The Great Plains is a large area of land in the middle of the U.S. covered by mostly by grass and farms. The Plains begin in Texas and go all the way north into Canada. There are no mountains there. Instead there are miles of flat land and what we call “rolling” hills that gently rise (go up) and fall (go down) as you drive through them.
The state of Nebraska, where I lived before moving to California, is in the middle of the Great Plains. When you drive across Nebraska from east to west, you’ll drive through the city of Omaha, then pass mile after mile of corn fields until you reach the middle of the state. When you get there, you will have arrived at the area that the songwriter might have been thinking about – the Nebraska Sandhills.
The Sandhills are exactly that, about 20,000 square miles (~52,000 square kilometers) of grass-covered hills of sand. If you leave the freeway, you can drive many miles without seeing another car or truck. But what you will see are ranches (farms where cows are raised) with large herds (groups) of cows and a few small towns.
In the small towns, you’ll find the essentials (things that are necessary) but not much more – groceries, ranch supplies, gas for your car or truck, a church or two, a bar or two, and possibly a small hotel.
It doesn’t rain much here, but there is a large amount of underground water for ranchers to use for themselves and their cattle (cows). And the cattle, mostly Black Angus (a kind of cow), provide Nebraska and the rest of the country with some of the finest beef (meat from cows) you can eat.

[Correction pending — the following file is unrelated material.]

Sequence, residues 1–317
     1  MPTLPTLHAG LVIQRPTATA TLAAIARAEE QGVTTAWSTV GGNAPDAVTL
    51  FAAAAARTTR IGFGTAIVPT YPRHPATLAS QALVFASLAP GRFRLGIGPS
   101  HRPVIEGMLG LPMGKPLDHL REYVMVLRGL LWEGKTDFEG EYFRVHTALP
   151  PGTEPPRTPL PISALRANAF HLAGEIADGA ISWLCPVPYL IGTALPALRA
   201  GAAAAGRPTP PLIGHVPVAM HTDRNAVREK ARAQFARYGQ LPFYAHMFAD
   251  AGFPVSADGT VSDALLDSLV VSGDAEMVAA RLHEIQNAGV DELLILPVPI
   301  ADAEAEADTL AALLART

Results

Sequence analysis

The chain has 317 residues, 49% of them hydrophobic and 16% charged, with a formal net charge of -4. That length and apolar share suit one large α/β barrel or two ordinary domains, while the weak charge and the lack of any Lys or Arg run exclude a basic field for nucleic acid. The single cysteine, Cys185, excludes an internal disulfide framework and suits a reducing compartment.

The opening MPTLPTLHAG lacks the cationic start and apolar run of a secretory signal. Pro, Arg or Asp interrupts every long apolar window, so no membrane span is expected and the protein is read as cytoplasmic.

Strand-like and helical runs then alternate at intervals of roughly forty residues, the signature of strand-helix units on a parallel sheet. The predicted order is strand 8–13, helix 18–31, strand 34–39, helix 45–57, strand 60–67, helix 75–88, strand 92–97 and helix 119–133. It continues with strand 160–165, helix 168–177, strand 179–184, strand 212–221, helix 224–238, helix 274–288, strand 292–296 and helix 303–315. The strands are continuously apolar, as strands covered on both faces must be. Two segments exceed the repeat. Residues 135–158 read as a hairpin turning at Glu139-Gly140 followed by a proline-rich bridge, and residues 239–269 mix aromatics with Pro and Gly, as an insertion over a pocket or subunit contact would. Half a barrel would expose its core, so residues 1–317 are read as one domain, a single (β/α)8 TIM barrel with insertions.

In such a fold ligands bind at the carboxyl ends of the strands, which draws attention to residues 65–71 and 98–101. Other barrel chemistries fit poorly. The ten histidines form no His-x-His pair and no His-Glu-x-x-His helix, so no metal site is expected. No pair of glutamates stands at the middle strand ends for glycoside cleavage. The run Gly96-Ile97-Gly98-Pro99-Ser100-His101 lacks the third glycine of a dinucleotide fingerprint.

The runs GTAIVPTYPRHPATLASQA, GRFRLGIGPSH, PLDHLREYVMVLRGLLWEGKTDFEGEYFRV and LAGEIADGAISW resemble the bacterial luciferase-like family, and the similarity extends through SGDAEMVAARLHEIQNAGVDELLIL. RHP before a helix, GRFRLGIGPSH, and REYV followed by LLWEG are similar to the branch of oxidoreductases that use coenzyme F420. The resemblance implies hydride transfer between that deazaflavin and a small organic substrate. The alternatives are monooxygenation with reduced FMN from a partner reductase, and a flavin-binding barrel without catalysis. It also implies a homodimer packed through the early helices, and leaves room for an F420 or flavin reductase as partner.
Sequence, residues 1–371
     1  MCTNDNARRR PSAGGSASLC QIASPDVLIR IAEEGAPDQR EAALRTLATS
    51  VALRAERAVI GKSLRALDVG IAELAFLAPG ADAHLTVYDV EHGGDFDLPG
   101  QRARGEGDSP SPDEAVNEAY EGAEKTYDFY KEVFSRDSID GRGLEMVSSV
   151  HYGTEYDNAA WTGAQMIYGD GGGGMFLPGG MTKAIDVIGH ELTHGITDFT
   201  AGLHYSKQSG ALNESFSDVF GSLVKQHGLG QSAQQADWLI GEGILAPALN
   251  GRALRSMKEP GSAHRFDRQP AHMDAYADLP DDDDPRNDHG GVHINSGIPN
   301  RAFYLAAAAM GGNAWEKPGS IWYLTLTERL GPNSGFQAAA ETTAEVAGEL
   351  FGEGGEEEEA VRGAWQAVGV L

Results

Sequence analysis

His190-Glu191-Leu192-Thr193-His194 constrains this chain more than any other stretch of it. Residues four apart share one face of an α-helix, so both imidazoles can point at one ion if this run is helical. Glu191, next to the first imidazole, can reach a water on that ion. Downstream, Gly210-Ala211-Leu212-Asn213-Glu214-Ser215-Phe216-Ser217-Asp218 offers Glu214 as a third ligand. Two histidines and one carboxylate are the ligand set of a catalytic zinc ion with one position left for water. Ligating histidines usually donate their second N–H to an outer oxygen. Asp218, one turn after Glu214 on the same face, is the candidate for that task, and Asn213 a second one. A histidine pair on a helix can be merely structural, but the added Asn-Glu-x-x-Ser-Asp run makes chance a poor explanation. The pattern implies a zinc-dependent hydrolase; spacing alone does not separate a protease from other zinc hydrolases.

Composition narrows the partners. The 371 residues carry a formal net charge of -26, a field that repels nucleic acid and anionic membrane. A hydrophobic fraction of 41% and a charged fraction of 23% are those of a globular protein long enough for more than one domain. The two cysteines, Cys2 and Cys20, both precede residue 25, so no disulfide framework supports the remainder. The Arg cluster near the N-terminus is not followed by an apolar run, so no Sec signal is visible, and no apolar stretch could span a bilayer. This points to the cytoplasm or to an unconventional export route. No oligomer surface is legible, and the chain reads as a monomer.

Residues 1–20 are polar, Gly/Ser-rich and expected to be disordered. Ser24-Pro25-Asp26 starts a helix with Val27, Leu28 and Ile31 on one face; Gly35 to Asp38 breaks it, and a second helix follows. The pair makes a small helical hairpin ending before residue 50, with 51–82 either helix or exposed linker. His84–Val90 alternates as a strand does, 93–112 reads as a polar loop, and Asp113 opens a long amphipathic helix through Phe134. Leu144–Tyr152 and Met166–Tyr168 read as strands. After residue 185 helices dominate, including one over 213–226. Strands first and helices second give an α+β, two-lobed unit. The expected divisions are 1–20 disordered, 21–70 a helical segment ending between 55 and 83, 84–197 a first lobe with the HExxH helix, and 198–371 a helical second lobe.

The deer are still there. And so are the antelope. But not so many buffalo; many of them were hunted by the American Indians and early Americans for food and for their skin, which was used for clothes.
They say the sky is bigger in the Sandhills. And the sunrises and sunsets are more beautiful. During the summer, it’s not unusual for fast-moving summer storms to form (appear and grow) and fill the sky with towering (very tall) clouds that quickly change from white to gray to black.
People who know the Sandhills talk about how peaceful it is there. Ron Scheer, a California professor, writes that “the Sandhills provide an endless supply of peace and quiet…. The best moments are spent just listening to … the birds singing from every direction, and the wind.
To learn more about Nebraska and the Sandhills, I encourage you to watch two short videos. The first, My West: The Sandhills of Nebraska, is by Professor Scheer. The second, Nebraska Skies, is by Bill Frakes, a well-known photographer.
~ Warren Ediger – ESL coach/tutor and creator of the Successful English web site.
Photo of the Nebraska Sandhills courtesy of Wikipedia Commons.